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Graduating to Adulthood: Legal Concerns for Young Adults
July 1, 2017
Congratulations to all who celebrated graduations last month! As young people grow into adulthood, they inherit responsibility for a whole host of issues for which their parents were previously on the hook. Even a very young adult with little in the way of assets or life complications has legal issues for which they may need assistance. What are some of the legal concerns that a young adult may encounter as they go out into the world?
Leases and Rental Issues: With any housing rental, a new renter will likely be asked to sign a lease. Before entering this contractual relationship, time should be taken to ensure that the lease complies with local city and county rental codes and provides adequate legal remedies and protections for the renter. Landlords can become bullies to young renters and illegally deny them rights that are provided for them by law even if they are not stated in the lease. The savvy renter gets familiar with local landlord tenant law and develops a clear voice of self-advocacy. To avoid trouble, seek legal review and counsel up front and don’t hesitate to ask for help if things get tough.
Loans and Promissory Notes: Young adults may find themselves needing to borrow money to get a start in life whether for educational costs, living expenses, or housing. Any loan document – whether originating with a financial institution or a family member – is a legal contract and needs to safely reflect the rights and obligations of each party. Especially when lending money between family members and friends, ensure that a DIY promissory note is well written so that the relationship is preserved with a sound legal framework that is practical for private individuals to carry out.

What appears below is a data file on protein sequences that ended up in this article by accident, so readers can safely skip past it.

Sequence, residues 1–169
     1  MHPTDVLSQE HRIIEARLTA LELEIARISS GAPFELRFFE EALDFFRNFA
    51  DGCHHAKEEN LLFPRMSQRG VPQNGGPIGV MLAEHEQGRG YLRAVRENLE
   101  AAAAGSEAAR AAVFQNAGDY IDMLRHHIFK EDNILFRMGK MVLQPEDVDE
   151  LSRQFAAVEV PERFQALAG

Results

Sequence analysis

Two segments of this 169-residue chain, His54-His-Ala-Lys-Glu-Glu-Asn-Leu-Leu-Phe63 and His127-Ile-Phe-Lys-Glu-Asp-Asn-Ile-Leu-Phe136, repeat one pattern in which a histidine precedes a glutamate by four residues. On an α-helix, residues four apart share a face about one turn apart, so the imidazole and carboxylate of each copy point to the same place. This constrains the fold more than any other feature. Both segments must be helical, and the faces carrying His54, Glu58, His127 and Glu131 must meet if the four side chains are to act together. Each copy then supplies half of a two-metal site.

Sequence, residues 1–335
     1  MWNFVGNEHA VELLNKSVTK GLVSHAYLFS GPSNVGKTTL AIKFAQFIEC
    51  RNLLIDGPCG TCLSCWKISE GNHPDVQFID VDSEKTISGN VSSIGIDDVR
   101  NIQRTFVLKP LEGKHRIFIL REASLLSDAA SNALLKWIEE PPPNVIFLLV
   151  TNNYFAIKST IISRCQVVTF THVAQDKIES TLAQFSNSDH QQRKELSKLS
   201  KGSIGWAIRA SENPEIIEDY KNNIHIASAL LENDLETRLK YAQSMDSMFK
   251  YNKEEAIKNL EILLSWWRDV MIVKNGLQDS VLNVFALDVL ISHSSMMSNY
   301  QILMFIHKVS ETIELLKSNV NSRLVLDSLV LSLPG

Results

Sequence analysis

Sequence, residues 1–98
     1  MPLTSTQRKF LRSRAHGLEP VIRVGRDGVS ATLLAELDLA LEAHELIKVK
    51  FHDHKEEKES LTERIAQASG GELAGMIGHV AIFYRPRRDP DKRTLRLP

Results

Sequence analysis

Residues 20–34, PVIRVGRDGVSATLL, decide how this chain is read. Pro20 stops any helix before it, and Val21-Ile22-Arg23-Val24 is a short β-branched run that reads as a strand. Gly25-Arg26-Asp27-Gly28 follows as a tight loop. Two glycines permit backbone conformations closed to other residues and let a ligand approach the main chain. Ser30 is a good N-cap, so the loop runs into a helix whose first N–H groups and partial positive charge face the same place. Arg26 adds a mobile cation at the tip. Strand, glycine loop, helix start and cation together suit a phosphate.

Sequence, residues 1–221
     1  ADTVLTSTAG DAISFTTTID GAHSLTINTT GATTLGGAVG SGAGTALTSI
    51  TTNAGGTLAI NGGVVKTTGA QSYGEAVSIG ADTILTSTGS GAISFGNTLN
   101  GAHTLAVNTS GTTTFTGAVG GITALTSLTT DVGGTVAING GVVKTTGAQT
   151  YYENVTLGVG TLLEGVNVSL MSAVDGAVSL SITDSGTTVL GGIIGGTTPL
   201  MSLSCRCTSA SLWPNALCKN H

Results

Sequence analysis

Wills and Advance Directives: Very few adults starting out in life possess more than a few dollars and some personal property to their name. But those precious few things do have value and should be directed toward the people who will find them most meaningful in the event of untimely death. A simple will with a personal property gift addendum is a very adequate way for a young adult to direct how their estate should be disbursed after death. Young adults are also just as likely – if not more so depending on their propensity for risk-taking – to need advance directives related to health care and power of attorney for general and financial purposes in the event of temporary or permanent disability. For most young adults with no children, no spouse, and little to no legal and financial ties, these documents can be created from simple forms as long as they are executed and stored properly. It is a great exercise in considering the weight of adult life for a young person to make these preparations and often initiates meaningful conversations with older parents and grandparents about their own preparations.
Parents are usually experienced and sound advisors for their grown children, having entered into a multitude of these contracts themselves over the years. When a leasing or loan issue feels a bit too complicated, don’t hesitate to reach out to the law firm for help.
For families that want to gift or encourage their adult children to hire an attorney for will and advance directive preparation, the law firm offers special pricing that takes into account the simple nature of a young adult’s legal needs while allowing them the experience of considering end-of-life and disability care decisions that are part of stepping out into the real world as a adult person. Call or email Claudia if you or your young adult family member wants more information about this process.